The following article highlights the importance of documenting historic landscapes for perpetuity. For the 12th annual HALS Challenge competition, the Historic American Landscapes Survey (HALS) invites you to document historic Black landscapes. Black people have built and shaped the American landscape in immeasurable ways. Documenting these histories and spaces will expand our understanding of America’s past and future.
Camp Naco lies in the valley of the San Pedro River of southeastern Arizona, between the Huachuca Mountains and the Mule Mountains. Set some 300 feet from the wall that now runs along the border between the United States and Mexico, its adobe buildings bring to mind an unsettled decade at the beginning of the twentieth century when Mexican revolutionaries, striking mine workers, lawless bandits, and a World War I intrigue between Germany and Mexico dominated the political landscape. During the greater part of its history, the camp was home to rotating troops from the 10th U.S. Cavalry Regiment, nicknamed the “Buffalo Soldiers.”
ASLA is excited to host SKILL | ED, a virtual practice management event geared towards our emerging and mid-career professional members. Each day will focus on a different learning studio: business development, proposals, and contracts.
by Michelle Lin-Luse, ASLA, and Sarah Kwon, Affil. ASLA
The Environmental Justice Professional Practice Network (EJ PPN) held a virtual workshop in early April, facilitated by co-chairs Michelle Lin-Luse and Sarah Kwon. Our intentions were two-fold:
to raise awareness of the history of the Environmental Justice Movement by lifting up the stories and organizing efforts by Black and brown communities fighting environmental racism, and
create a space for community-building among environmental justice advocates within the landscape architectural community.
A Living History: An Interactive Timeline
After establishing the workshop space with a land acknowledgement, we introduced the participants to the history of the environmental justice movement through the EJ PPN Living History Timeline, an interactive, web-based timeline of the environmental justice movement that links our personal histories to the larger movement. This timeline is built from an open-source online tool designed by the Global Action Project, an organization that uses media-based organizing and popular education to connect personal histories to the larger ebbs and flows of social movements.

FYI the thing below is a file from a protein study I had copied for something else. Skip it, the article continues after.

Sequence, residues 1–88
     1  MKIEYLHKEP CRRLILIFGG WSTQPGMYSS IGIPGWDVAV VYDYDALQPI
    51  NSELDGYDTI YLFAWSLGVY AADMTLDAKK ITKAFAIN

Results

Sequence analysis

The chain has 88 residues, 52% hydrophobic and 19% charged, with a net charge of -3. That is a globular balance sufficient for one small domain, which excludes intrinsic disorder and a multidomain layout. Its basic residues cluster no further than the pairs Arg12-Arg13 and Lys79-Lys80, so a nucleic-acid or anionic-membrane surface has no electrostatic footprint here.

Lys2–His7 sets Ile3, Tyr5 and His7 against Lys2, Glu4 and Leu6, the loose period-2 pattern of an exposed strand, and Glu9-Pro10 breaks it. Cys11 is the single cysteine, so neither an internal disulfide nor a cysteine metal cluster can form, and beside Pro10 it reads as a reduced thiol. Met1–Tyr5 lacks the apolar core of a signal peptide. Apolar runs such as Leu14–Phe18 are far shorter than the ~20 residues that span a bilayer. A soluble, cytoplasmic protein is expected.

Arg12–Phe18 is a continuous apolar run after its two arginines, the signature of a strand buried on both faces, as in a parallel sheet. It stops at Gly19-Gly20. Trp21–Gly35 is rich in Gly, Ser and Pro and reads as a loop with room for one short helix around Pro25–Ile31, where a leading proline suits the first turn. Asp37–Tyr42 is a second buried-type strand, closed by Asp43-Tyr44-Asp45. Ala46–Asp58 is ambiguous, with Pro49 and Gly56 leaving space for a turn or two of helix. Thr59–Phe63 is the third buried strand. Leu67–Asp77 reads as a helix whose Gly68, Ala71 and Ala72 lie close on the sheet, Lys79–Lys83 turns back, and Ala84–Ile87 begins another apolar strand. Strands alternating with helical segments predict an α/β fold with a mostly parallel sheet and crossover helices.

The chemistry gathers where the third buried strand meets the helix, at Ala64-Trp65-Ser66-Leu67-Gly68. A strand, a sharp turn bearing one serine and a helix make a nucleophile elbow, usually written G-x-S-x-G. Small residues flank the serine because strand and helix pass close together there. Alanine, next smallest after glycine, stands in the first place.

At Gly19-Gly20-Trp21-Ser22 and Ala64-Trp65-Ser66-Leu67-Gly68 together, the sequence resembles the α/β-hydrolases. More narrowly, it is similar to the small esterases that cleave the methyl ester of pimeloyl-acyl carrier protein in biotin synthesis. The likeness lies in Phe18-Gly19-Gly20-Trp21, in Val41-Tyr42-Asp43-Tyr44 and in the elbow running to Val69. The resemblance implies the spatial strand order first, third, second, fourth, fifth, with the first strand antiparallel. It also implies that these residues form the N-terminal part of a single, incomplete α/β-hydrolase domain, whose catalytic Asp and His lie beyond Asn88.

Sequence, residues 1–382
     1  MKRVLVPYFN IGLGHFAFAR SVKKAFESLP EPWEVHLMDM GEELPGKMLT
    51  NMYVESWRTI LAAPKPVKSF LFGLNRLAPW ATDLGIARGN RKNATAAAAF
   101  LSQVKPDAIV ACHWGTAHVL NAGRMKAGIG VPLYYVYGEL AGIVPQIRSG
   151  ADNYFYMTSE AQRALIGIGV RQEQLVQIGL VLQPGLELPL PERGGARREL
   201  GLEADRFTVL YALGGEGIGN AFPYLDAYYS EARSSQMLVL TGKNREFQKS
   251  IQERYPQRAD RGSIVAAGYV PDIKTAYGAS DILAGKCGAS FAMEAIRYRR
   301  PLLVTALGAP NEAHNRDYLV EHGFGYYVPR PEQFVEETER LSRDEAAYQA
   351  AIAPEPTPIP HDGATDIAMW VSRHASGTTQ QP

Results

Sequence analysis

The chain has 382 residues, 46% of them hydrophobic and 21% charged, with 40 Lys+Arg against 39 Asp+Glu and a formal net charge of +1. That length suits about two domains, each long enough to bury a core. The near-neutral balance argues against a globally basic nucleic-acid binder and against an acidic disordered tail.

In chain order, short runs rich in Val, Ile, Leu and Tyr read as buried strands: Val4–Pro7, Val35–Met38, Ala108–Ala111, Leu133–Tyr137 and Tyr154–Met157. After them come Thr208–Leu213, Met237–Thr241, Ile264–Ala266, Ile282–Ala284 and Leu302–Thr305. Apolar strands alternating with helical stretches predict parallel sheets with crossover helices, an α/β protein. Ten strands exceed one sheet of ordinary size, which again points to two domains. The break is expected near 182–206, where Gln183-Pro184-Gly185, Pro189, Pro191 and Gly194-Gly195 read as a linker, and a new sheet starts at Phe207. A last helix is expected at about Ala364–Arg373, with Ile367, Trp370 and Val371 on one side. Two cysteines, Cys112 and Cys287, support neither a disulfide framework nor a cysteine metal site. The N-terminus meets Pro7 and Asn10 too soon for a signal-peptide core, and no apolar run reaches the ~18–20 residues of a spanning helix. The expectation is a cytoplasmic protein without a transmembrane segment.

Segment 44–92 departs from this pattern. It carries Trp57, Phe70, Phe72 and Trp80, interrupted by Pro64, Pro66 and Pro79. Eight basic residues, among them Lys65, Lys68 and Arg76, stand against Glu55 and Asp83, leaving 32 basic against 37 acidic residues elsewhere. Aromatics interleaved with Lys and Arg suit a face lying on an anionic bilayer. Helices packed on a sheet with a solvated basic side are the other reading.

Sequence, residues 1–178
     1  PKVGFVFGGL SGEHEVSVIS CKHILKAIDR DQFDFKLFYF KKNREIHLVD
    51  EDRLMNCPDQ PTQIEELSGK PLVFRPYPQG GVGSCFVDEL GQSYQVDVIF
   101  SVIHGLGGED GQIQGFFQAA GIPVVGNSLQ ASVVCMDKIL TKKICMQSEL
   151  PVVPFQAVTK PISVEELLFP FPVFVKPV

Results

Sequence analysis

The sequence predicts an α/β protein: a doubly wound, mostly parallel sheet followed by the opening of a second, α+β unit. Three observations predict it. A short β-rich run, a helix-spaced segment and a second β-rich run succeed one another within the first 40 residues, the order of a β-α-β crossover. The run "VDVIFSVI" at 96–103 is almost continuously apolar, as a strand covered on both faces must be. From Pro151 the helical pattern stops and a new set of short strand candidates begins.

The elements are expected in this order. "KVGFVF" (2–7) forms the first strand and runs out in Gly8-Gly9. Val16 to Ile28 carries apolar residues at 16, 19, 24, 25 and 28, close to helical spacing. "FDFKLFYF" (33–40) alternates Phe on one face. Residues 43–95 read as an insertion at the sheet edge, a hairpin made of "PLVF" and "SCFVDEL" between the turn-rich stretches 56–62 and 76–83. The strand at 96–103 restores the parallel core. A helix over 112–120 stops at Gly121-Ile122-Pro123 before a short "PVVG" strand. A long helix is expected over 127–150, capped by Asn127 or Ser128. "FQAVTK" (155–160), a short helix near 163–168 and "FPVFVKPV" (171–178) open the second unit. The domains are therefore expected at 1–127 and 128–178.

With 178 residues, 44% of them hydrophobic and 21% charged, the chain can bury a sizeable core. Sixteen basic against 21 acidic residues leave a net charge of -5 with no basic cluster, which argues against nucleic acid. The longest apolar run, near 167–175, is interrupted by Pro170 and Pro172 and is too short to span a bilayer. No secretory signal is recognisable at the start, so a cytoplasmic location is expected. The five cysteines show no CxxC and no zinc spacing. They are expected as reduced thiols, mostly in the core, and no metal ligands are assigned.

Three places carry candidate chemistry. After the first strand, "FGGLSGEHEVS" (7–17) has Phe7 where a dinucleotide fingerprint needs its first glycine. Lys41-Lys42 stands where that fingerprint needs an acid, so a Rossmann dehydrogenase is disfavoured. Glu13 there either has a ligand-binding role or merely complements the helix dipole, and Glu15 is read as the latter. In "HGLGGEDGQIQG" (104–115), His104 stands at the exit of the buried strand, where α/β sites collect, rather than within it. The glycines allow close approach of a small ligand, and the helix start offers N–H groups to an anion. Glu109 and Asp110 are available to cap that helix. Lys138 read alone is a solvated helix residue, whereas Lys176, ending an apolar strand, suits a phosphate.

The EJ PPN Living History Timeline is an interactive timeline principally organized by key moments of environmental justice movement history, such as the events leading up to the adoption of the 17 Principles of Environmental Justice. Adjoining the EJ movement history is a timeline documenting the chronology of the formation of ASLA’s Environmental Justice PPN, its past programs, and ongoing initiatives to advance environmental justice within the field of landscape architecture.
Aynaz Lotfata is an Assistant Professor of Geography and Urban Planning at Chicago State University, Illinois. Her cross-disciplinary research focuses on environmental justice and urban wellbeing. Her studies demonstrate the integration of principles from various disciplines such as urban planning, geospatial sciences, and statistical modeling to address socio-environmental planning problems that are interconnected to landscape architecture and urban design. We are delighted to have Aynaz share her ideas about increasing walkability during the pandemic from an urban planning perspective.
– Sara Hadavi, Associate ASLA, Urban Design Professional Practice Network (PPN) leader and Landscape Architecture Magazine Editorial Advisory Committee member
The way urban planning and design practice responds to urban transformation comes with shifts in focus. Rather than taking the development of cities as the outcome of predefined decisions, the urban change is reflected as a process shaped by a wide variety of uncertainties, such as the COVID-19 pandemic. At the heart of this reflection, planning practice tackles the issue of how to be synchronized with evolutionary dimensions of cities, and how to to strengthen cities’ “adoptable capacity” (Rauws & De Roo, 2016).